I was really apprehensive when we first started filming because I wasn't quite sure what angle the producers were going for with the show. They made a point not to be touristy and they really worked hard to take their audience off the beaten path and introduce them to not only different areas of the city, but also to the places that make those areas what they are. As a result of doing this show, I feel like I've expanded my knowledge and understanding of my own city. I appreciate it more after looking at it through the eyes of people who've never known it before. I've always said that St. Louis has such a great community spirit but after talking to Joe and witnessing the locals come out in droves for the Bocce tournament at Milo's, I was grateful to see it in action. The people who live here are devoted to cultivating and maintaining family and community ties. We're not a cow town, we're not just a few buildings flung onto the golden plains between the legs of the Arch and by the Mississippi; we're a carefully executed community. We're diverse in every way with a rich culture and history. We bridge the divide between progress and tradition and that's what gives us our spirit. Thanks to the folks at Follow and Fine Living for giving us the chance to show it.

Clicky for the photo set. Catch Brandon on the air this afternoon around 1p.m. with Scott on The Point.

I've hardly had a chance to breathe all weekend. I've taken a slew of photos, some of which I hope to finish uploading by tonight. Saturday we dove into the belly of the Ozarks for my family reunion. Yesterday's shoot took about six hours, four of which were spent at the U City Loop. I met up with the two other locals at Crown Candy Kitchen, Scott Rizzuto who deejays at The Point; and a PR woman - who looks exactly like Kristin Chenoweth - from a children's charity. We crammed into a tiny booth with the show host, Brandon, after he put makeup on Scott to make him man-pretty for the camera, and shot the opening scene for the episode. Scott and the-girl-who-looks-like-Kristin Chenoweth are used to speaking on air; me, not so much. My keyboard is my buffer between me and the world and there's a certain solace in that. I had to hurry up and turn it on to match their enthusiasm.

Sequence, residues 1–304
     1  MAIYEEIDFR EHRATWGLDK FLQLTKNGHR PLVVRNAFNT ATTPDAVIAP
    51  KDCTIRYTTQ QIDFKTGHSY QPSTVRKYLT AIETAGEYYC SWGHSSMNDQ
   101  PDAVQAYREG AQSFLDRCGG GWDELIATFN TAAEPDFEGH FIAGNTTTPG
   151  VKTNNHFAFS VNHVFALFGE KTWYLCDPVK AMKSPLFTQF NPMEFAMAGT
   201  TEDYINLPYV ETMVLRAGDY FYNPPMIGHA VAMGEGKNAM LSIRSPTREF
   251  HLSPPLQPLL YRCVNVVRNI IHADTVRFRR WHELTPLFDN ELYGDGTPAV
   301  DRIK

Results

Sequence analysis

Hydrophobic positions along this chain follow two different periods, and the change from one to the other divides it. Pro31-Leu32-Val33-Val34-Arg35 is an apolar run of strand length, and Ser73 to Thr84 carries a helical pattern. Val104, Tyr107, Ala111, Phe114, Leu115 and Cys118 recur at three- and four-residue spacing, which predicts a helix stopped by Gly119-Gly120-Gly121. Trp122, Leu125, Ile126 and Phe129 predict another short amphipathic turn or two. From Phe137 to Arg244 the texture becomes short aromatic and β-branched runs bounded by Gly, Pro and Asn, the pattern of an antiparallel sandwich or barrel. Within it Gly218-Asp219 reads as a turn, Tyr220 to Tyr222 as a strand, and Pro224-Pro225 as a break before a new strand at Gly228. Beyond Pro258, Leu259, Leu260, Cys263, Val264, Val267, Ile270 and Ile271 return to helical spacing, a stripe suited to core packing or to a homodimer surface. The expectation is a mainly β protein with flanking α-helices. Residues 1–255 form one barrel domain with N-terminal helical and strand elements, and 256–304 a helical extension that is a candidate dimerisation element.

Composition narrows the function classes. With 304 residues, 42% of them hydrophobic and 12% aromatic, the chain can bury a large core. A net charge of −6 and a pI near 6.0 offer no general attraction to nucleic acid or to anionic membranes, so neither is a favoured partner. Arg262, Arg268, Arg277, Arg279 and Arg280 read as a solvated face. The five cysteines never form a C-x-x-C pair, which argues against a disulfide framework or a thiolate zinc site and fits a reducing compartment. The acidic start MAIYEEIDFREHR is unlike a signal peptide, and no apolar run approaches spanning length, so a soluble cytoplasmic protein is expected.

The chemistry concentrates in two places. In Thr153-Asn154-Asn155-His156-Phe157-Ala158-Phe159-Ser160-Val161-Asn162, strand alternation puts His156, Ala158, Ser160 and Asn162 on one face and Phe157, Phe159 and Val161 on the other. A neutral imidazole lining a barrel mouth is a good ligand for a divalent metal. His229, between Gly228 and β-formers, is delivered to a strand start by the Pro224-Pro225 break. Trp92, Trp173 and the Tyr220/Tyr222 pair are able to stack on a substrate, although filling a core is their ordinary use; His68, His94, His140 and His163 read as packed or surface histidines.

Later that afternoon we hit the Loop. Brandon and I were filmed traipsing up and down the sidewalks while the swanky adults, collegiate hipsters and stinky hippies stared. THERE WERE PEOPLE EVERYWHERE. At first I felt very self-conscious about the whole thing but followed Brandon's lead and got over it. We filmed at Blueberry Hill, Riddles' wine bar, and the Tivoli. Side shots without us are to include Donnaland and Vintage Vinyl, the Amoeba Records of the Midwest.